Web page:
It has been said that a digital image without a profile is like buying a burger from a dodgy burger van; is it beef, lamb, dog or horse? Who knows? A profile attached to an image is what gives it colour meaning within a digital workflow. Without a profile embedded or if a workflow is set to ignore profiles, colour management software will use a default ICC profile which could be wrong, and so cause an unwanted colour appearance change to the original file, even before any further colour conversions.
Often it is stated that profiles are removed or ignored because they are ‘wrong’. How this judgement is made is beyond me! If the image is RGB the profile should be used as the starting point within a colour managed workflow. If an RGB image has no ICC profile then some investigation or informed decision on the profile to assign will be needed.
The issues with CMYK images and profiles are a little more complex. Often they have no profile, so need to be viewed and judged, on screen, assigning the correct ICC profile for the chosen colour managed workflow. Areas such as total area coverage, grey component replace, etc need to be judged at this stage. For CMYK images with a profile, if it is the correct profile for your workflow, great. If not it may need conversion to the correct CMYK profile. Sometimes converting in Photoshop will be OK, however, often the use of devise link profiles and specialist colour server software will be needed to obtain the best CMYK to CMYK conversions. Again ignoring the CMYK profile in the original image will result in the colour management software, on the desktop or within CtP workflow, using a default CMYK profile, which will cause an uncontrolled colour conversion.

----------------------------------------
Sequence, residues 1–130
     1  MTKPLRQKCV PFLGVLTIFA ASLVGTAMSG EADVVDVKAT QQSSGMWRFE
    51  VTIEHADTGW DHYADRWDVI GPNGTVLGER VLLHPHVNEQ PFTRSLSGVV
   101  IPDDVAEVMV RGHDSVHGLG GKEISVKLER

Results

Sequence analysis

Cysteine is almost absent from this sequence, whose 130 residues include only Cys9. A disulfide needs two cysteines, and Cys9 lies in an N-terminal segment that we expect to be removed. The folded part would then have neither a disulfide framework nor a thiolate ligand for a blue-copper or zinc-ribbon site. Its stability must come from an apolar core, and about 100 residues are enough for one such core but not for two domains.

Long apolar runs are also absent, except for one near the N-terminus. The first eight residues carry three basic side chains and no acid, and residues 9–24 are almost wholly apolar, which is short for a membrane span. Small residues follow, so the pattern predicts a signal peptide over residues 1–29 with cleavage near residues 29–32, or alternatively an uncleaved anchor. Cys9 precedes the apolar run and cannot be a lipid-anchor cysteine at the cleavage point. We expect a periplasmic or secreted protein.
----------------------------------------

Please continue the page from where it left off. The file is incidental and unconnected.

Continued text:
So I hope this brief blog, has at the very least, stopped you ignoring or removing profiles and will encourage you to increase your knowledge in this area.
Our colour management courses can help in this area.